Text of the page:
Local Artist To Feature In Major Art Show
Juliet Ferguson selected for Aesthetica Prize long list
Chiswick artist Juliet Ferguson is to have her work featured in an international art show in York this spring as the Aesthetica Art Prize launches its first major exhibition.
Selected from over 3000 entries, Juliet earned her place in the Aesthetica Art Prize long-list of 100 artists with an innovative submission on 24-hour camera surveillance. Many of the pieces featured in the exhibition comment upon life in the 21st century.
The exhibition will run from March 8 to 28 April 2013.
The works highlight modern concerns, ranging from the environment and capitalism to traditional views on women and marginalised communities. Juliet's exhibition is entitled; Laundrette: 24-Hour Cycle. The presence of surveillance in our everyday lives formed the inspiration behind her work. The last fifteen years have seen a proliferation of such cameras in our daily lives, but she poses the question of who is watching and why do we need so many? She asks whether we should accept such constant monitoring.
"We live in a time of paranoia where photographers are stopped from taking images in public places, yet by using one of a number of simple search terms, thousands of unprotected CCTV cameras from around the world can be accessed and often controlled.
"The images of the laundrette were taken by setting up access to a camera and taking a picture at the top of the hour from midnight to midnight- a 24 hour cycle. They contrast the mundanity of everyday life with the voyeurism of watching people who don't know they're under the all-seeing eye of a CCTV camera."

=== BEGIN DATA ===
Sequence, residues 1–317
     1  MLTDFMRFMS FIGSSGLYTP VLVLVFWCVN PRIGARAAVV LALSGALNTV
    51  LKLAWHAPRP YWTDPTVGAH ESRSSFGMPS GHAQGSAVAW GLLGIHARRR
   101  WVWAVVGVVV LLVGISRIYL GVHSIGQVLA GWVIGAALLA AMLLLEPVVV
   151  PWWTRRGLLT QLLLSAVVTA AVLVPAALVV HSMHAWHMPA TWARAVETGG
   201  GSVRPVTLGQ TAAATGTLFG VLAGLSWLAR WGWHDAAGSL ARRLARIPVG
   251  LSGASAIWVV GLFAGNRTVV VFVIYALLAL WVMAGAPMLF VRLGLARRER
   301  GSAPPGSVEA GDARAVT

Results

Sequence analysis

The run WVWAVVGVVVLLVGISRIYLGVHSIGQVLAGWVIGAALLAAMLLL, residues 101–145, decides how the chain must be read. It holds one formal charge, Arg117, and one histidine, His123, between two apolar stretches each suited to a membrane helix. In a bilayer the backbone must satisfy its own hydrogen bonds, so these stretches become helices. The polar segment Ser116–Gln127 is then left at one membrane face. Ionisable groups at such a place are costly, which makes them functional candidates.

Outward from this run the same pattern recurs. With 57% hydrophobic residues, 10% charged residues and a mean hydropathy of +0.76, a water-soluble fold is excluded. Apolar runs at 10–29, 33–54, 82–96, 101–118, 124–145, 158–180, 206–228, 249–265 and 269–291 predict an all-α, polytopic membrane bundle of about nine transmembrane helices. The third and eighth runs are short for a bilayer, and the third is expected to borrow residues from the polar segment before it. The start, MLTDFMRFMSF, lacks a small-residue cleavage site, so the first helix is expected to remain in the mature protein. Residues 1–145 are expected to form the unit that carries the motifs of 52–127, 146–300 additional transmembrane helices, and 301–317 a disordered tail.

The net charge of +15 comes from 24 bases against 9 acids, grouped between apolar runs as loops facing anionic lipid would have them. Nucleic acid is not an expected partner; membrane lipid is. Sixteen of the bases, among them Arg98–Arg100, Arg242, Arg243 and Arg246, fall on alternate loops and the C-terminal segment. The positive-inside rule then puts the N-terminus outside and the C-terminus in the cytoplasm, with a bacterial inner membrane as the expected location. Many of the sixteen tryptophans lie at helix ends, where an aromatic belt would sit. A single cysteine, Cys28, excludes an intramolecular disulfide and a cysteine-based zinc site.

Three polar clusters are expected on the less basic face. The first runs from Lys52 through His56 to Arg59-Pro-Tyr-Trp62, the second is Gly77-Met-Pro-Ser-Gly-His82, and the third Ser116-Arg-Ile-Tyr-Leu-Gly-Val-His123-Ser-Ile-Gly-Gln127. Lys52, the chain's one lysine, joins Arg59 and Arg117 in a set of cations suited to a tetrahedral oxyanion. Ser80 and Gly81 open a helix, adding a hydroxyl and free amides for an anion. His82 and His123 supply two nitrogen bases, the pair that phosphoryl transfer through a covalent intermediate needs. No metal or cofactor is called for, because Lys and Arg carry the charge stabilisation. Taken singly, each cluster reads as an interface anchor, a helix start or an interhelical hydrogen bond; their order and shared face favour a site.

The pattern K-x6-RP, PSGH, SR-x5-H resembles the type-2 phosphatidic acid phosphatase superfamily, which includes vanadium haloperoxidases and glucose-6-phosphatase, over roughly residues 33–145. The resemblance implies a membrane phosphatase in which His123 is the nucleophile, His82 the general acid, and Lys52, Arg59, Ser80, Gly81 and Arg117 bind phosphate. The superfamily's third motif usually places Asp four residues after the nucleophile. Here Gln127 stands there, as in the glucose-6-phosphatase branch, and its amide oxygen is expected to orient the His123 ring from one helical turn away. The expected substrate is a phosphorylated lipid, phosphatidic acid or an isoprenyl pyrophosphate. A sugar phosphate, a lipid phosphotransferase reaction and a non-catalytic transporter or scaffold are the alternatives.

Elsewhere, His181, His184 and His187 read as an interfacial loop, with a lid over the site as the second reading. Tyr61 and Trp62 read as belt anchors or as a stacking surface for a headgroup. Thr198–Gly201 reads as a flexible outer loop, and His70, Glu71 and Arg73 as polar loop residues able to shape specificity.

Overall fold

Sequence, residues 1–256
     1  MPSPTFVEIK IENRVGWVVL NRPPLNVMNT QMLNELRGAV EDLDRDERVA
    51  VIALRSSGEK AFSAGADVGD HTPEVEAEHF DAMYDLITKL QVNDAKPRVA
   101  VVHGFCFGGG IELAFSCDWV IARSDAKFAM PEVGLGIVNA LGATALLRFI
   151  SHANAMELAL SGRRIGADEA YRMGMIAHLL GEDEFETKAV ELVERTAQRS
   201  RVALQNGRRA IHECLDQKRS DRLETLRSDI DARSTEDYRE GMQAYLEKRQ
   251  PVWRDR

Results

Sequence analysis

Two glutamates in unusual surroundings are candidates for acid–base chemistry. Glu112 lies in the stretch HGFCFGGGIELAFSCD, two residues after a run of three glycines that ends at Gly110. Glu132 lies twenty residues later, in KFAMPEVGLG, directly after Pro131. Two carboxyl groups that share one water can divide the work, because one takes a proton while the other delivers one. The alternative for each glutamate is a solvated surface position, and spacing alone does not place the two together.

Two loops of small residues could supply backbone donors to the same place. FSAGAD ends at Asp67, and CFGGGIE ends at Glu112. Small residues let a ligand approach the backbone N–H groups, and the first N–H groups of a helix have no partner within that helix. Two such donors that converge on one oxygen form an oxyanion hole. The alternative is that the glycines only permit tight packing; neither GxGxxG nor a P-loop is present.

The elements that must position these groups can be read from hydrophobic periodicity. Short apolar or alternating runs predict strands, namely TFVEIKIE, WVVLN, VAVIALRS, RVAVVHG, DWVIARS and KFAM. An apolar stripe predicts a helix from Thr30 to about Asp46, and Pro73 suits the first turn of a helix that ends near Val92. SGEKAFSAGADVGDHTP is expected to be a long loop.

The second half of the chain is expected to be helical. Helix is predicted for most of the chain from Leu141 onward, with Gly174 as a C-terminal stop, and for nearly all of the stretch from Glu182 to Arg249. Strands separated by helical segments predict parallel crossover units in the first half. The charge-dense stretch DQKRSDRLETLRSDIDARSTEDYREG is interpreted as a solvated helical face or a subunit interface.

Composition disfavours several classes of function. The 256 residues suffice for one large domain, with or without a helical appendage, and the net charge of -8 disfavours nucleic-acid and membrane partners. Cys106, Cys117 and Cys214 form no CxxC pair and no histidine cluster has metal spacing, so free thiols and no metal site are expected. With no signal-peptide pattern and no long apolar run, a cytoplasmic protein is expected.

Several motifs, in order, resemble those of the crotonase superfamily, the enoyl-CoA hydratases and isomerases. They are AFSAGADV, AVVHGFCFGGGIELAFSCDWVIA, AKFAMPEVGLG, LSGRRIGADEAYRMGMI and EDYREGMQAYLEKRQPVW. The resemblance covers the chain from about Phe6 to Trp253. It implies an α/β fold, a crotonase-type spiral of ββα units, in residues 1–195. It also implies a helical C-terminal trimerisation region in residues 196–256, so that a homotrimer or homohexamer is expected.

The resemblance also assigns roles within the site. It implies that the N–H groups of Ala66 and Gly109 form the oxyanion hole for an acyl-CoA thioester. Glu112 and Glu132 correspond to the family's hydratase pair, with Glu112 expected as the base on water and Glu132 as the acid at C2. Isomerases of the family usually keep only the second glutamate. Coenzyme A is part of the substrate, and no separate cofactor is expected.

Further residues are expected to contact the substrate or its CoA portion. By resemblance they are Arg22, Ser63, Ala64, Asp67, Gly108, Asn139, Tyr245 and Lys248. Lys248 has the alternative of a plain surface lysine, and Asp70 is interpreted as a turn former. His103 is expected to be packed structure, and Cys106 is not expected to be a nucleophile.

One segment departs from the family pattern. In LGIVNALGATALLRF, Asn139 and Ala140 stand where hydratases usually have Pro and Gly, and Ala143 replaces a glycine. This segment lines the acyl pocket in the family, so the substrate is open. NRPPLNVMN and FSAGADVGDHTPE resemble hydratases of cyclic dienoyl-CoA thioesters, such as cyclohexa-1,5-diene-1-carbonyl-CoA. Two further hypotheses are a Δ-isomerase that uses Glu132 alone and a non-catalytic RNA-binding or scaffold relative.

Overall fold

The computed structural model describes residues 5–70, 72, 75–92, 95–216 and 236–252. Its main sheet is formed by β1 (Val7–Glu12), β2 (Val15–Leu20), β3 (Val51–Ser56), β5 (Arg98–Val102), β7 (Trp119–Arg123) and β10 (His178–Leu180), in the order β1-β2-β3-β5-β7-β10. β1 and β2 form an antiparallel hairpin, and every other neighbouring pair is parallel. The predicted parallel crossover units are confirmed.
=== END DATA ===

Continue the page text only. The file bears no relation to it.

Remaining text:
She says she embarked on the project with some trepidation wondering whether she might access something top secret or witness a crime. However, far from showing all the drama of human life, the vast majority of the images were incredibly boring.
"While many cameras were in the places you’d expect - traffic cams, car parks and public squares and streets, I was struck by the number of cameras in semi-public places: libraries, bars, colleges and universities as well as a surprising number in the workplace.
"Many of the cameras allowed full control - I could pan, zoom, focus and ‘take’ the shot, or screen grab at the moment of my choosing. Not only was this worrying in that they could be used to pan and zoom on places and people they shouldn’t, it also raised questions for me as to the nature of photography: are my stolen images any less photography than someone using a fully automatic camera and taking a picture from a designated panorama point at a beauty spot?"
Juliet, who lives near Turnham Green in Chiswick has recently completed a post-graduate certificate in Photography at Central Saint Martins. She has written and photographed articles for travel magazines but is now focusing on fine art and abstract work. Her current project, taking images through CCTV cameras, ties in closely with her work at the Centre for Investigative Journalism and she is interested in exploring the issues raised by using new technology. http://www.julietferguson.com/cctv/
This year’s longlist for the Aesthetica prize includes entrants from the USA, South Korea, Australia, Denmark and the UK. As well as being projected within the space, Juliet will also feature in the accompanying Aesthetica Art Prize publication, on sale at the exhibition, online and at select galleries nationwide.